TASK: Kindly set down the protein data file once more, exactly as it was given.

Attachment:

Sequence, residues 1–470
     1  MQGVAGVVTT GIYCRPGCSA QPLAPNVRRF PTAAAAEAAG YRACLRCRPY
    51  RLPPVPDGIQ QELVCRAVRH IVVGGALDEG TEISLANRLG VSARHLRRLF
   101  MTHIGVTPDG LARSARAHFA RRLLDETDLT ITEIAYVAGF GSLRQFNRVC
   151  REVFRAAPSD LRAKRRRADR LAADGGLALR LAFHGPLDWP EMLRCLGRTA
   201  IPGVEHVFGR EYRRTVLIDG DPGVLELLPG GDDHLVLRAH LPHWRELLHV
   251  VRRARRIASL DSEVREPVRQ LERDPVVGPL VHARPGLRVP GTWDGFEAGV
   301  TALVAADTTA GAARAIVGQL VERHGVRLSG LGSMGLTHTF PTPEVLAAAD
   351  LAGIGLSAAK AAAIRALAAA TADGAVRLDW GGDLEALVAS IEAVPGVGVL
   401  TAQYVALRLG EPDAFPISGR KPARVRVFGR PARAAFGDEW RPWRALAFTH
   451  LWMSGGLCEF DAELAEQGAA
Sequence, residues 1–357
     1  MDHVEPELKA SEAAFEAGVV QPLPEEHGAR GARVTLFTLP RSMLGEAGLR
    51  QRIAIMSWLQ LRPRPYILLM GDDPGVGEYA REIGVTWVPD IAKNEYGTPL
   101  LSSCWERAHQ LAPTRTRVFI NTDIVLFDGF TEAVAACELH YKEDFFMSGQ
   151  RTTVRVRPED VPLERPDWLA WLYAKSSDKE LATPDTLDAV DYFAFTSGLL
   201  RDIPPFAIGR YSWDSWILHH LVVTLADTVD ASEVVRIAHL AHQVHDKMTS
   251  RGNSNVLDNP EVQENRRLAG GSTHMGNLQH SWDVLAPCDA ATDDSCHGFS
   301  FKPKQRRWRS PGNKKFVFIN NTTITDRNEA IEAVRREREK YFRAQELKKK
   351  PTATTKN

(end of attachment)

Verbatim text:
Sequence, residues 1–470
     1  MQGVAGVVTT GIYCRPGCSA QPLAPNVRRF PTAAAAEAAG YRACLRCRPY
    51  RLPPVPDGIQ QELVCRAVRH IVVGGALDEG TEISLANRLG VSARHLRRLF
   101  MTHIGVTPDG LARSARAHFA RRLLDETDLT ITEIAYVAGF GSLRQFNRVC
   151  REVFRAAPSD LRAKRRRADR LAADGGLALR LAFHGPLDWP EMLRCLGRTA
   201  IPGVEHVFGR EYRRTVLIDG DPGVLELLPG GDDHLVLRAH LPHWRELLHV
   251  VRRARRIASL DSEVREPVRQ LERDPVVGPL VHARPGLRVP GTWDGFEAGV
   301  TALVAADTTA GAARAIVGQL VERHGVRLSG LGSMGLTHTF PTPEVLAAAD
   351  LAGIGLSAAK AAAIRALAAA TADGAVRLDW GGDLEALVAS IEAVPGVGVL
   401  TAQYVALRLG EPDAFPISGR KPARVRVFGR PARAAFGDEW RPWRALAFTH
   451  LWMSGGLCEF DAELAEQGAA
Sequence, residues 1–357
     1  MDHVEPELKA SEAAFEAGVV QPLPEEHGAR GARVTLFTLP RSMLGEAGLR
    51  QRIAIMSWLQ LRPRPYILLM GDDPGVGEYA REIGVTWVPD IAKNEYGTPL
   101  LSSCWERAHQ LAPTRTRVFI NTDIVLFDGF TEAVAACELH YKEDFFMSGQ
   151  RTTVRVRPED VPLERPDWLA WLYAKSSDKE LATPDTLDAV DYFAFTSGLL
   201  RDIPPFAIGR YSWDSWILHH LVVTLADTVD ASEVVRIAHL AHQVHDKMTS
   251  RGNSNVLDNP EVQENRRLAG GSTHMGNLQH SWDVLAPCDA ATDDSCHGFS
   301  FKPKQRRWRS PGNKKFVFIN NTTITDRNEA IEAVRREREK YFRAQELKKK
   351  PTATTKN